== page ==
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Waking up to Hate in the Morning

The ways people hurt each other never cease to amaze me. I got up early this morning because I lost a lot of sleep over an email from a young woman, the offspring of a non-Jewish mother and a Jewish father, who has had too many hurtful encounters with Jews. In spite of it, she has not lost her pride in her Jewish heritage. But her heart has become the battleground over which the Jewish community struggles to learn how to deal with the people like her, the products of interfaith marriages.

And lately, I’ve listened to so many stories from people struggling with the toll Jewish infighting has taken on them. I’ve heard too many stories about people giving up on conversion to Judaism because rabbis have hurt them, instead of supported them. I’ve heard converts are being told that conversions done by certain Modern Orthodox rabbis wouldn’t be worth a dime in Israel. I have heard too many stories like these lately.

Then I read “What if Gates were an unrenowned Jewish black woman?” after a Twitter friend, @e_fink forwarded me the piece. When he asked for a comment, I wrote back that I was “so incredibly, unabashedly horrified.” Even if I could see everything from the perspective of the police officers, I couldn’t stop replaying the scene of an innocent middle-aged Orthodox Jewish black woman having to barricade herself from the cops in her own apartment out of fear.

If that is not enough, there is the headline “Gunman kills 3, injures 11 at gay club in Tel Aviv” in yesterday’s Huffington Post. How can you hate people so much that you no longer see their humanity? I don’t know. I know these stories just seem to go from bad to worst.

And as I post this, I wonder how many more strange letters I will get from strange people who as Twitter friend @jewinthecity wisely explained are “unhappy with what they’ve got going on in their life – so they want to bring others down too!” I’m sorry folks but you are sadly mistaken if you think I have to explain my life choices to you. I don’t even do that for my mother.

I’m bleary-eyed from lack of sleep so I’ll be cheesy and say it, love has got to be stronger than hate, than hurt. I have to believe it. And the more we love, the more we support each other, the more we reach out to one another (me to you, you to me through your letters, your comments), the weaker that hate becomes.

7 thoughts on “Waking up to Hate in the Morning

  1. Ah, thank you for that post. I only wrote in a comment to someone today about the fact that different branches of Judaism just don't mix with each other, when they really, really should.

    I'm not laying blame at any particular doors – we all have a responsibility. I am soon to convert (Chanukah is the intended date) and it troubles me that there is so much in-fighting. We are a small enough community as it is – we don't need all the internal aggravation when we get enough from the non-Jewish world.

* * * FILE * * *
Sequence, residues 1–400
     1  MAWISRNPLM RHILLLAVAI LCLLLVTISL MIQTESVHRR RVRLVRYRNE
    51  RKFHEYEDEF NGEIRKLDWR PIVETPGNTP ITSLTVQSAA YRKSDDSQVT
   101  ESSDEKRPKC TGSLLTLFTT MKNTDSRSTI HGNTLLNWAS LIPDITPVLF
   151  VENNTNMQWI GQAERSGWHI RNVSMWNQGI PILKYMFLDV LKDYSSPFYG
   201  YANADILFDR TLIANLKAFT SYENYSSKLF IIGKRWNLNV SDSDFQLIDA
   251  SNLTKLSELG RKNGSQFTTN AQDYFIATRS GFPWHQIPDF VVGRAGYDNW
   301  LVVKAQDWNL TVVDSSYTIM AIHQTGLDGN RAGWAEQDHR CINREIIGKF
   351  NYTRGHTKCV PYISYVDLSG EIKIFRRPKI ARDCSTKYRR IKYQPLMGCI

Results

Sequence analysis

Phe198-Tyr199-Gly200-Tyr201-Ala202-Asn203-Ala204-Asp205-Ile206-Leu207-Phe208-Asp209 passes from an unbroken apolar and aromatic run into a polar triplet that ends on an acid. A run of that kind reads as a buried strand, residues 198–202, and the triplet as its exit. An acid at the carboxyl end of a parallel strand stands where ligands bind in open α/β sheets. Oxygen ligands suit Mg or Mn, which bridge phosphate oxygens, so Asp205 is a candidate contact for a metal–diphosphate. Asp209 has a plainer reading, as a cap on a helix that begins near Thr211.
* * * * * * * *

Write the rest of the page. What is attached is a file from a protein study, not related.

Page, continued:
Wishing you well.



  2. Rabanit Hausman-

    I think what we saw in Medinat Yisrael over the weekend, the attack in Tel Aviv & the evictions of Arab families in Jerusalem, are indicators of the national sickness of the entire Jewish nation. I pray we all make use of Elul, fast upon us, to try to find ways out of this mess.


  3. rachel,

    While my path did not ultimately end in conversion there was a time when I was fairly seriously considering it… in fact, in Philly I was the one who located the congregation we became affiliated with, and where we were very active, at least in Reconstructionist terms (my ex was raised Reform).

    One wise thing our Rabbi once said to me was not to take the infighting and the incredulous reactions to someone choosing Judaism too personally, that it usually reflected the individual with the attitude's own insecurities and identity crisis when it came to their own relationship with Judaism.

    Perhaps that can be some comfort? Though I appreciate that your interactions may in many ways be more frequent and intense than mine were, given the branch you are finding a place within. I hope I'm not overstepping in saying this.


  4. There is no proof yet that the shooting at that club was motivated by hatred or anti-gay sentiment.

    Also, how do you relate to a Patrilineal Jew when the branch of Judaism you chose to convert into denies them of their Jewishness and would force them to convert in order to be accepted as a Jew? This is also dehumanizing to me.

    I think of it like this- if you were to deny that they were Jewish (i.e. following the Orthodox and current Conservative position that Jewishness is matrilineal only), how would you feel if the patrilineal Epsteins and Cohens of the world denied your Jewishness on the basis of you not having “Jewish blood” and being 100% Dominican/Latina?

    I am not insulting you at all, but I am provoking thought and discussion on the issue of how Orthodoxy relates to those whom they refuse to accept fully as Jews.


  5. Anonymous, a lot of good questions but I am sorry to say I don't have all the answers.

    Yes, I am Orthodox. It was the Reform movement that changed the rules of who is or isn't Jewish and Conservative and Orthodox Judaism did not follow suit. They stuck to the way things have always been done. But interestingly enough, I only hear Orthodox Judaism being attacked when we discuss matrilineal descent.

    Plenty of people believe that I'm not Jewish because I wasn't born Jewish. Plenty of people believe I'm not Jewish because they might not like the rabbi that converted me. I understand the analogy you're trying to make but no, I don't agree that it's the same.

    I think anyone who can't relate to a person in pain is devoid of human emotion.


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